ST . PAUL -- The Minnesota DNR recently responded to concerns regarding Enbridge's water use permits for the Line 3 replacement project amidst drought-related surface water appropriations suspensions throughout the state.

"The Minnesota DNR is aware of some concerns and confusion related to Enbridge’s water permits for the Line 3 replacement project and the company’s current construction activity," a release said. "We currently have no indication that the company is operating in violation of any of its water appropriations permits, and we are monitoring compliance on an ongoing basis."

Many have asked how Enbridge is continuing with construction given drought-related restrictions on its water appropriations permits. The DNR has temporarily suspended surface water appropriations for some permittees in watersheds where flow conditions meet certain triggers. These suspensions include Enbridge’s water appropriations for dust control, horizontal directional drilling, or HDD, and hydrostatic line testing in some locations. Enbridge’s surface water use is currently under suspension in Crow Wing River, Pine River, Mississippi River - Brainerd, and St. Louis River watersheds.

The DNR has not suspended Enbridge’s HDD activity itself in these watersheds, or elsewhere, due to drought conditions. Much of the pipeline route traverses areas where water appropriations permits are not currently subject to suspension, the release said.

Within the watersheds where Enbridge’s surface water use has been suspended, the company may continue to conduct HDD activity if it is using stored water previously appropriated, or if it obtains water from another appropriate and available source.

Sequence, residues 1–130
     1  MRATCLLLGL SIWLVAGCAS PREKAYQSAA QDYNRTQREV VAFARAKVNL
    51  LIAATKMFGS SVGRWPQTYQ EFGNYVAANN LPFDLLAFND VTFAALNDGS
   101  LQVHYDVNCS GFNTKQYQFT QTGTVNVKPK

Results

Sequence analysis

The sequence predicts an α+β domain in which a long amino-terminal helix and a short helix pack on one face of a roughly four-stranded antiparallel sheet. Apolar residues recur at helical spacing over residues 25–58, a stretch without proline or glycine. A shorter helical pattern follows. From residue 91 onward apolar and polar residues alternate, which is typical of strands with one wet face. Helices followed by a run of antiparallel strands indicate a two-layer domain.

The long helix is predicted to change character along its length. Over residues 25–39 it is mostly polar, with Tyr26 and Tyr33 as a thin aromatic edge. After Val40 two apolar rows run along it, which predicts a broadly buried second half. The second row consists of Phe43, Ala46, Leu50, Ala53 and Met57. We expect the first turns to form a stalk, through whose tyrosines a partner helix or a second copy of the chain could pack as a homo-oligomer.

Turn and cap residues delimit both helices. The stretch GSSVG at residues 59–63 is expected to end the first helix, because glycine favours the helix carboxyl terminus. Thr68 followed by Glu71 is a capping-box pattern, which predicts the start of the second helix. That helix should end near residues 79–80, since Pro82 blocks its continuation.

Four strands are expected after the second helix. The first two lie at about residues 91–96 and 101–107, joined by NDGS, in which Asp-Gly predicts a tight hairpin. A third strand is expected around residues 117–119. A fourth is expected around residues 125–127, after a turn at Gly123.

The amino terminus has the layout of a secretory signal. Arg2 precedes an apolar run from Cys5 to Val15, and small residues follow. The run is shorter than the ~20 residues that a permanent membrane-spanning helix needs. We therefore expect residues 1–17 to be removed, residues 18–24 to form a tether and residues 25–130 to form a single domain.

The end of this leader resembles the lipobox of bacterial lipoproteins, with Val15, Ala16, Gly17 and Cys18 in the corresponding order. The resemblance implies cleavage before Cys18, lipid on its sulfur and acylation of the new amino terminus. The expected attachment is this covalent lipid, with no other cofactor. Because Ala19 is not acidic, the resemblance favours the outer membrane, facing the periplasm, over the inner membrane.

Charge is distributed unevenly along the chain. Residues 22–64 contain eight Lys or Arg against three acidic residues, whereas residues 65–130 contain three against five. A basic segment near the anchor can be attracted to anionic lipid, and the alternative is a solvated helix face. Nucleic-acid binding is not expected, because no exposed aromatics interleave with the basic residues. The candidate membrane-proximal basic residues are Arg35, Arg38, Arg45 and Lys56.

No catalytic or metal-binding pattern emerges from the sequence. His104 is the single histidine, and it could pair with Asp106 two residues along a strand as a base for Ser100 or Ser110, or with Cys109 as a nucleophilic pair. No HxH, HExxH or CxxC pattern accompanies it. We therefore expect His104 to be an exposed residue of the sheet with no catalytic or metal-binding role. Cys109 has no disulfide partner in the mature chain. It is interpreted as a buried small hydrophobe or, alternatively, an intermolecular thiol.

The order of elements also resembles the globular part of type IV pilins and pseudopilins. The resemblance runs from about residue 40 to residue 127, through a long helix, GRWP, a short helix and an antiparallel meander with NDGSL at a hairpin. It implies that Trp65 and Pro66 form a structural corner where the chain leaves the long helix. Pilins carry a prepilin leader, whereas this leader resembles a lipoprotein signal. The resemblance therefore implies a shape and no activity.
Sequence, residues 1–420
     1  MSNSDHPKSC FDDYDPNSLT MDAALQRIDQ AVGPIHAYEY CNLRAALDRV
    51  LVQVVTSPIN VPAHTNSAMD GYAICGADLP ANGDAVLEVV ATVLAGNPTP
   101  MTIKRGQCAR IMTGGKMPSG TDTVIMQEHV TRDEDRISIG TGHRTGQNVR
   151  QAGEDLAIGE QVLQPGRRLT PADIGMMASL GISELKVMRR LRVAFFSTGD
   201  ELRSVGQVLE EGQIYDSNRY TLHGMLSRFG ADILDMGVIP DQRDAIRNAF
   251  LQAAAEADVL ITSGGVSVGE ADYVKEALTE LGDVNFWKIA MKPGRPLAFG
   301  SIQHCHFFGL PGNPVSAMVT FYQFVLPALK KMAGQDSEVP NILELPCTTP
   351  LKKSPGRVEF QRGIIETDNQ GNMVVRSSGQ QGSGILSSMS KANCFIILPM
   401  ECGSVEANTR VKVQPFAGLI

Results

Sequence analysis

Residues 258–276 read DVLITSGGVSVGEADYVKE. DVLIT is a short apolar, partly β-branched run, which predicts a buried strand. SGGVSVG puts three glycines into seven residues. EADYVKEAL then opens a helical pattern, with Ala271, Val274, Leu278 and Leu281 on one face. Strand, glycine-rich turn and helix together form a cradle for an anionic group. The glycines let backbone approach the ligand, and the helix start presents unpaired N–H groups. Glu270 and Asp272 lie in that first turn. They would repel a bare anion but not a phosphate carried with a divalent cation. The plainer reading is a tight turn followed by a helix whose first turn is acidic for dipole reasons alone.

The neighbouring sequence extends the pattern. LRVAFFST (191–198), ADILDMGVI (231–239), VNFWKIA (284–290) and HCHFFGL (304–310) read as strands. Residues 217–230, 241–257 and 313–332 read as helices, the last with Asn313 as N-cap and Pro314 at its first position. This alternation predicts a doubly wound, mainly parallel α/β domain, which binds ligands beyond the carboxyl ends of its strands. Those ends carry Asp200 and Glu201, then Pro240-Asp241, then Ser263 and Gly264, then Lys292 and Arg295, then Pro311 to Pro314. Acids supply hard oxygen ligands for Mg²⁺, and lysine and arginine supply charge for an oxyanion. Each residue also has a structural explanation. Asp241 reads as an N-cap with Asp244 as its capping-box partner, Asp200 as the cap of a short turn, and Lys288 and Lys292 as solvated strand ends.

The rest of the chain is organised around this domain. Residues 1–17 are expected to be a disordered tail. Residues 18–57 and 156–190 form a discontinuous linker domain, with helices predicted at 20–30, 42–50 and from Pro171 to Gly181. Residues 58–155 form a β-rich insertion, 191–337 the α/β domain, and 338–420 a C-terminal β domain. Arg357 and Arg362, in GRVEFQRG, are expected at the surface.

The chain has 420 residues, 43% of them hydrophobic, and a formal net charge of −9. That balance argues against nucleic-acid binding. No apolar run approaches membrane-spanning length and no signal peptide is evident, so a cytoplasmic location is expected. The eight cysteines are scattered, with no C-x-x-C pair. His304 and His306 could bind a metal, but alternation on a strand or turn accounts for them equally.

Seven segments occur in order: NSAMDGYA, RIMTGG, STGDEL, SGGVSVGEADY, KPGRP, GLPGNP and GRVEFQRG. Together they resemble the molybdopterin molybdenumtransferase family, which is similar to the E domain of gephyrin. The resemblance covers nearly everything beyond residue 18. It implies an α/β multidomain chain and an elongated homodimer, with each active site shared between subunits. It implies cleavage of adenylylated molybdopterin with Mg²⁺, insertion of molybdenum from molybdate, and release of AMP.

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"The DNR continues to monitor and manage the drought situation statewide in accordance with the drought management plan," the release said. "Temporary suspensions or modifications will be carried out as necessary."

Another concern has been Enbridge being allowed to continue its trench dewatering in watersheds where its water permits have been suspended.

According to the release, an amended water appropriations permit was granted to Enbridge for trench dewatering on June 4. This permit allows Enbridge to pump and temporarily store groundwater in order to keep construction trenches dry. The DNR’s water permit suspensions apply to surface waters, not groundwater. Groundwater permits are not generally suspended during a drought, unless there are specific concerns, such as impacts to associated surface waters or well interference issues.

By nature, trench dewatering is only needed when groundwater accumulates in a construction trench. The water is stored, treated and then returned to the area near the construction activity, where it seeps back into the ground and the water table.

The dewatering activity occurs over a few days at any one location. Any localized impacts to natural resources due to the temporary lowering of the water table are short-term and minimal, the release continued.

The Enbridge groundwater appropriations permit that was amended on June 4 allowed an increase in the volume of temporary dewatering from 510.5 million gallons to approximately 4.9 billion gallons. This volume is for the entirety of the pipeline route.

Prior to granting the amendment, the DNR evaluated the requested volume increase and determined it would not threaten groundwater sustainability or have other unacceptable natural resource impacts.

To the extent current drought conditions are affecting the water table along portions of the pipeline route, the company’s dewatering needs may be lower than anticipated. For example, if the water table is lower due to drought, the company won’t need to pump and store as much groundwater to keep excavation sites dry.

"The Minnesota DNR will continue to monitor the situation and will suspend or modify the amended construction dewatering permit if conditions make that necessary," the release said.

For more information and updates on Enbridge's water use permits, visit